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UNGA 47 outcomes important for Australia



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No. m233 Date 23 December 1992

Ca.lIvi6NWEALTH PARLIAMENTARY LIBRARY • L .._ L

dl . C .fUNGA 47 OUTCOMES IMPORTANT FOR AUSTRALIA

The 47th regular session of the United Nations General Assembly (UNGA 47) had been very successful from Australia's point of view, the Minister for Foreign Affairs and Trade, Senator Gareth Evans, said today. The General Assembly is due to adjourn in New York on 23 December (24 December AST).

Senator Evans said that a key theme of his General Debate statement at the United Nations in September had been the importance of 'Preventive Diplomacy' and Australia played a crucial role in the General Assembly's adoption by consensus of a resolution which encourages the Secretary-General to strengthen the United Nations Secretariat's preventive diplomacy

capacity.

"The adoption of a consensus resolution on strengthening the coordination of the United Nations humanitarian emergency assistance was another important outcome of the session," he said. "The resolution included Australia's proposal for the Secretary-General to consult governments on ways and means of improving further the United Nations' capability in the

areas of prevention and preparedness in relation to national disasters and other emergencies."

A further significant development was a consensus resolution commending the Chemical Weapons Convention. The negotiation of this instrument was the major disarmament achievement of 1992, and one in which Australia played a leading role. This was complemented by record positive support for a resolution jointly sponsored by Australia, New Zealand and Mexico in support of a comprehensive test ban and the consensus adoption of a

resolution endorsing the UN Register of Conventional Arms Transfers.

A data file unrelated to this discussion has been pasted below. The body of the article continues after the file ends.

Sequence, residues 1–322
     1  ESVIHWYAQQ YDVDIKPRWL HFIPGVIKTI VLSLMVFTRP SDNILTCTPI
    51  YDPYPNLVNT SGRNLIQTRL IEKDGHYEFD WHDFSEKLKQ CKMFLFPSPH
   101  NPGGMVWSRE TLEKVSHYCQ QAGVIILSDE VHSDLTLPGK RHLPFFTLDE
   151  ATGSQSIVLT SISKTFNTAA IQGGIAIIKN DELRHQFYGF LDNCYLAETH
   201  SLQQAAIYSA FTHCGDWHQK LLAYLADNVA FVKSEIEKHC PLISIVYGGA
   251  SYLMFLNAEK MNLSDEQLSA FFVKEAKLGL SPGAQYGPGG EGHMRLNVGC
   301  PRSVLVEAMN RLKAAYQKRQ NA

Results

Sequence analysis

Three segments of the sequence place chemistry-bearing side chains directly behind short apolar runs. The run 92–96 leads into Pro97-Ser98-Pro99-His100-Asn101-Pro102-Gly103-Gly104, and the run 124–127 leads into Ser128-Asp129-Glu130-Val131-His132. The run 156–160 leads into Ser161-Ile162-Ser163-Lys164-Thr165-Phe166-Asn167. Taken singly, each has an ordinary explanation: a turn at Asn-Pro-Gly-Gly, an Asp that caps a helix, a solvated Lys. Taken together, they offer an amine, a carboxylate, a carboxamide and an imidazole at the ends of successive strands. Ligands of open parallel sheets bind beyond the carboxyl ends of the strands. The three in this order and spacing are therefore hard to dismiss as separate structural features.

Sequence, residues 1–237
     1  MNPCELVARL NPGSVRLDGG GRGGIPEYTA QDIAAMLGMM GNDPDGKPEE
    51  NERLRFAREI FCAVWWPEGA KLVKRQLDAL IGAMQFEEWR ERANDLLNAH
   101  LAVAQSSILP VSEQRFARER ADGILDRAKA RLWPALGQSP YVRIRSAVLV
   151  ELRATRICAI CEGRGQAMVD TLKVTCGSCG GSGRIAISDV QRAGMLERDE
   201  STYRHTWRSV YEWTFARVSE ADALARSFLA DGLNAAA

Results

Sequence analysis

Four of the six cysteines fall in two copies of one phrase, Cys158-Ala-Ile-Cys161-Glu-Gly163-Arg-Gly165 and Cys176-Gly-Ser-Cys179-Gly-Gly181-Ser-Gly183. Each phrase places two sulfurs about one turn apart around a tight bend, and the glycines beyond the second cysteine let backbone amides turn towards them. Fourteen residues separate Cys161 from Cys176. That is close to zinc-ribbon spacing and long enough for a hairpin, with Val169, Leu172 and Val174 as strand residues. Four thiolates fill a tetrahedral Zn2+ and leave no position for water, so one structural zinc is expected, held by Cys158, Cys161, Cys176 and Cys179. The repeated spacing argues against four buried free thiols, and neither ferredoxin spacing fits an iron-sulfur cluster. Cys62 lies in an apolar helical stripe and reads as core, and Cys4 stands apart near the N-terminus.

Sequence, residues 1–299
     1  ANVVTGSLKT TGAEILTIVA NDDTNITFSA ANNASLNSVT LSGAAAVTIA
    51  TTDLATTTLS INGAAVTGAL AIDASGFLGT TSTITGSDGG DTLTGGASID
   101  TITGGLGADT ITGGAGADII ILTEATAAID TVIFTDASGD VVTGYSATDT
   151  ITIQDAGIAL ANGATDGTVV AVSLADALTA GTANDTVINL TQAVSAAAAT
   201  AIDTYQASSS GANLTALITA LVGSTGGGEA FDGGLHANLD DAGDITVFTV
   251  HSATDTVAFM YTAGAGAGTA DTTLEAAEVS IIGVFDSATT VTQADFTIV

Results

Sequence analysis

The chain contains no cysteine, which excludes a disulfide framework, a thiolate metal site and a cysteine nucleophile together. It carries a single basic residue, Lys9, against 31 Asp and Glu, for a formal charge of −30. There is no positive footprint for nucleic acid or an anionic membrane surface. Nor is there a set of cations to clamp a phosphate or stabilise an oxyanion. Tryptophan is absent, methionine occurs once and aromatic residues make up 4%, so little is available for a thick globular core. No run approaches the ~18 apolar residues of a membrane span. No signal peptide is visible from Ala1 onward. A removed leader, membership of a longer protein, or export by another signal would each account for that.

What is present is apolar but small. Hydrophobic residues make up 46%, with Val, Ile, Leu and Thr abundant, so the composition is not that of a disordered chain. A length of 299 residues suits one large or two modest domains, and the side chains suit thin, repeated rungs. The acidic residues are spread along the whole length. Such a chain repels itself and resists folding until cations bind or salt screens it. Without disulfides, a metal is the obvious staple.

"One of the other most important outcomes of UNGA 47 was the creation of the Commission on Sustainable Development which was called for by the United Nations Conference on Environment and Development held in Rio last June," Senator Evans said. "The Commission, which will meet for the first time in New York in 1993, will have 53 members representing all geographic regions and Australia is a candidate for election to the Commission.

"Australia also continued to give a high priority at UNGA 47 to international human rights issues. We worked actively for the adoption by consensus of a strong resolution addressing the human rights situation in Burma and took a strong stance in supporting a resolution condemning the massive violation of human rights in Bosnia-Herzegovina. Australia was also

active in reaching agreement on the agenda for the 1993 World Human Rights Conference and warmly welcomes the successful launch of the International Year of the World's Indigenous People."

Senator Evans said that the establishment of a peace-keeping reserve fund designed to provide

immediate funding for start up costs for peace-keeping operations was a usefiil start in meeting an Australian objective in this key area.

Another major development, in which Australia was instrumental, was the adoption by consensus of a resolution which requests the International Law Commission to begin drafting a statute for an International Criminal Court.

"Expectations of the United Nations system are now immense, and the recent session demonstrated that there is a collective will to meet such challenges," Senator Evans said. "Australia played an active and very constructive role in advancing this process."